Windows w/ full Powershell does not have these issues.  Have yet to see if it is a thing specific to Powershell Core.  So use it if you can.

If you don't have a Windows box handy, you can modify the PowerNSX.psm module file to get around this error.  I'm unsure if it can become a permanent solution, but it effectively accomplishes the same thing as the current httpclienthandler.

Location of PowerNSX.psm file on Mac:
/usr/local/share/powershell/Modules/PowerNSX/<versionnumber>/PowerNSX.psm1

You need to modify line 105 from this:
ServerCertificateCustomValidationCallback = delegate { return true; };

To this:
ServerCertificateCustomValidationCallback = HttpClientHandler.DangerousAcceptAnyServerCertificateValidator;

*One line and case sensitive, must be verbatim.

VMware: physical vmnic# not showing up after upgrade...

Summary:
This was a weird one.  I had a couple of Dell FC630's (FX2 Blades) w/ qlogic broadcom 57810 integrated card in them.  Went to upgrade them from 6.0 to 6.5, that's when the fun began.  Before upgrade, my hosts could see them just fine.  After upgrade, they could only 'see' vmnic1.  Fresh install was also having issues.

Solution/Workaround:
In my case, I had to literally remove the FC630 blade from the FX2 enclosure so that all residual power would be drained.  Once done, whatever it was that was hanging the firmware for my nic finally cleared for ESXi to take control of it.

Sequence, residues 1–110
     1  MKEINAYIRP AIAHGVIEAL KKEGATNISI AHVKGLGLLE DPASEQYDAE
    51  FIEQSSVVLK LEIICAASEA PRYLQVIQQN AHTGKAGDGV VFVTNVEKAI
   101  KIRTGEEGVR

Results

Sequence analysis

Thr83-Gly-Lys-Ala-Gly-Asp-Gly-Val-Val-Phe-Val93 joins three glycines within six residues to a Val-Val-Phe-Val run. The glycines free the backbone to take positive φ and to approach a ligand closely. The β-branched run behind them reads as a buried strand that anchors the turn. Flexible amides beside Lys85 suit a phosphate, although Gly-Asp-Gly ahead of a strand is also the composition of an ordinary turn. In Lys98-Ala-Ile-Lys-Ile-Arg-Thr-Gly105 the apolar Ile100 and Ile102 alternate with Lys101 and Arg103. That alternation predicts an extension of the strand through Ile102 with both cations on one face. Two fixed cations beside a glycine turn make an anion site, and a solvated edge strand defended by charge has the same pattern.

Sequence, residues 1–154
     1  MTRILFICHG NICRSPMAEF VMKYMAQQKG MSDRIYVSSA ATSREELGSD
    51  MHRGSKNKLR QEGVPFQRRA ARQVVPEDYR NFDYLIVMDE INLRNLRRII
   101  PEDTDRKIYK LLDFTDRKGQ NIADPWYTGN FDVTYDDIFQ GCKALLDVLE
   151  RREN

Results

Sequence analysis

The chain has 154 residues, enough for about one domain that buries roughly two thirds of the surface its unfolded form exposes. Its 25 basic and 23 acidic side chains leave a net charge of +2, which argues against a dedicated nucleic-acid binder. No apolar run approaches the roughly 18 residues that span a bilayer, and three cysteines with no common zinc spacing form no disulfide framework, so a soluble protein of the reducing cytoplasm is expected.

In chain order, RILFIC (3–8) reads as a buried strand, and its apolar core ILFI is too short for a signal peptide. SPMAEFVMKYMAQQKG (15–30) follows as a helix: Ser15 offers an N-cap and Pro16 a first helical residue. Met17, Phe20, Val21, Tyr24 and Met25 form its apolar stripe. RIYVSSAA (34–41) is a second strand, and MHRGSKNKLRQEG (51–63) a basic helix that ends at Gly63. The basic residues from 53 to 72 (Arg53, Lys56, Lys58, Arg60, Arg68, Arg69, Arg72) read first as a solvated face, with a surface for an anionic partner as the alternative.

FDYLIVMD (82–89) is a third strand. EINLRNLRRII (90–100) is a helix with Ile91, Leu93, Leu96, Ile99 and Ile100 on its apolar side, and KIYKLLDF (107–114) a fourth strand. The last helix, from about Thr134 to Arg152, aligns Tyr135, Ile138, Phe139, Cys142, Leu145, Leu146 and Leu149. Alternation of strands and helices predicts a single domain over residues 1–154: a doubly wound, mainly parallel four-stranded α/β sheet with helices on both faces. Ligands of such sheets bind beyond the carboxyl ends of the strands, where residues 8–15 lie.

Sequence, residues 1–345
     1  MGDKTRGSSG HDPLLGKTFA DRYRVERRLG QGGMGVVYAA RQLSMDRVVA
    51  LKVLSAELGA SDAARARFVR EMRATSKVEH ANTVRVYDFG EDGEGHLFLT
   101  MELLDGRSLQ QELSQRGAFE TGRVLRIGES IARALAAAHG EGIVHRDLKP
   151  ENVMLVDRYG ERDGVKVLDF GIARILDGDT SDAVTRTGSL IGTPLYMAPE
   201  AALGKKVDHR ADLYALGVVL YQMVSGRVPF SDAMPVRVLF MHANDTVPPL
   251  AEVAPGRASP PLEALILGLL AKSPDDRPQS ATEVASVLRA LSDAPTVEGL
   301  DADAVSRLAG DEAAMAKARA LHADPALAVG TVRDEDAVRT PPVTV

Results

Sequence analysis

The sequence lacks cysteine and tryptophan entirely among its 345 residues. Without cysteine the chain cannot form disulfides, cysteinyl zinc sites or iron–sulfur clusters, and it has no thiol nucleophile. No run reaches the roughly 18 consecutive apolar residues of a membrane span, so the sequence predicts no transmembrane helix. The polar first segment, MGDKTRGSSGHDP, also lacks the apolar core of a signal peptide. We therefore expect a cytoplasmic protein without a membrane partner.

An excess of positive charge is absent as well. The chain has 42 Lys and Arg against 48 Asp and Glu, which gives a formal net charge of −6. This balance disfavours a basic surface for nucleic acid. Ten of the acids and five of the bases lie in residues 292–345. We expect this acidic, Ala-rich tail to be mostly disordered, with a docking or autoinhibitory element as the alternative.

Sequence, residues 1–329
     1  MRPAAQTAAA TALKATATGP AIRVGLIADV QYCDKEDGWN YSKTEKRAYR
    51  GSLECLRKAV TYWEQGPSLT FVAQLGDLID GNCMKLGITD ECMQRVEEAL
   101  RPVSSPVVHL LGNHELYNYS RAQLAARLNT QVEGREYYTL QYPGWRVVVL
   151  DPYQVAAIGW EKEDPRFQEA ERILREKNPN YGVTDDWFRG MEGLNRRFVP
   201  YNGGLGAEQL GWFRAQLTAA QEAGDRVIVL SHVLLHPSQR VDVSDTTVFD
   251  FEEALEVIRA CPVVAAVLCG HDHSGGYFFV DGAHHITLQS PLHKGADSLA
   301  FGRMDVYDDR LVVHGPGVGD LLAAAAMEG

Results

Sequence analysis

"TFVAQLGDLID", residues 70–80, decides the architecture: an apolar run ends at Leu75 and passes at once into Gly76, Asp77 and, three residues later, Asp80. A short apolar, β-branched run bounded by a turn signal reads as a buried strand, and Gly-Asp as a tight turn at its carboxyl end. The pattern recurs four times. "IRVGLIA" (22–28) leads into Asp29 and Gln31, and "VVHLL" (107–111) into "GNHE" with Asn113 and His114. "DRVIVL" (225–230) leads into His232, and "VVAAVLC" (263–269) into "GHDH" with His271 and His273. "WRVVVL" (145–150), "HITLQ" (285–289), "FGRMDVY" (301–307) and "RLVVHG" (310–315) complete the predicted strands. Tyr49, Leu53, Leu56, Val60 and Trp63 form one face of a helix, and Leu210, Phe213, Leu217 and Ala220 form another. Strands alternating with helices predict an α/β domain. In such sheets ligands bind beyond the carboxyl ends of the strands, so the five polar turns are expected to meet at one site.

Details:

PowerCLICore: Docker: Case Sensitivity, script not running, errors.


If you've been using powershell for any period of time, you'd get used to the idea that it doesn't really care about casing.  PowerCLICore on Docker?  Yeah, it's a casing nazi...sometimes.  Now this experience was seen on a Mac.  Unsure if Docker running on linux sees this.

When working w/ cmdlets in general, you should fine.  However, if you were to query for commands related to a specific module like pester:


You'd get a blank return.  Looking at modules available via:
get-module -listavailable


Will show that pester is capitalized as "Pester" so valid get-command is:
get-command -module Pester


Long story short, if you are having issue running a script or whatnot, be sure to check your cAsInG.

Interestingly, once you do a get-command -module Pester successfully, powerclicore on docker magically doesn't care about casing after the fact.

VMware: NSX: Using PowerCLI/PowerNSX to view DFW rules in a table format.

Out-GridView Example
Summary:
This was kind of a fun exercise and helpful considering the NSX plugin kinda blows, in flash client at least.  Have yet to take a look at HTML5 one that was just released.  Was asked if we could output currently configured DFW rules.  Below you will find what I slapped together.  If it's useful to you too, great.  Also, please feel free give me feedback.

It will basically give you the following:
  1. Rule Number 
    • This is kind of a guess in that it assumes that rules will pull down from API in the correct order at runtime.
  2. Rule ID
  3. Rule Name
  4. Source
  5. Destination
  6. Service Ports
  7. Action
  8. appliedTo
This script requires the following powershell modules:
  1. vmware.powercli
  2. powernsx
Script:

VMware: NSX: Logical Switch Objects as Source and Destination Firewall rules (DFW) not working and things to know.


Summary: